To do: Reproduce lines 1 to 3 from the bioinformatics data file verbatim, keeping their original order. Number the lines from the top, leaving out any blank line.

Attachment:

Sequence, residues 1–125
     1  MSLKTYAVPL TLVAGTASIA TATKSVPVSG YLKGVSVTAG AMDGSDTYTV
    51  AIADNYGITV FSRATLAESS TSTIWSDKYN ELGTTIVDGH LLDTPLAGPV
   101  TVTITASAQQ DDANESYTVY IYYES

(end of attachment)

Sequence, residues 1–125
     1  MSLKTYAVPL TLVAGTASIA TATKSVPVSG YLKGVSVTAG AMDGSDTYTV
    51  AIADNYGITV FSRATLAESS TSTIWSDKYN ELGTTIVDGH LLDTPLAGPV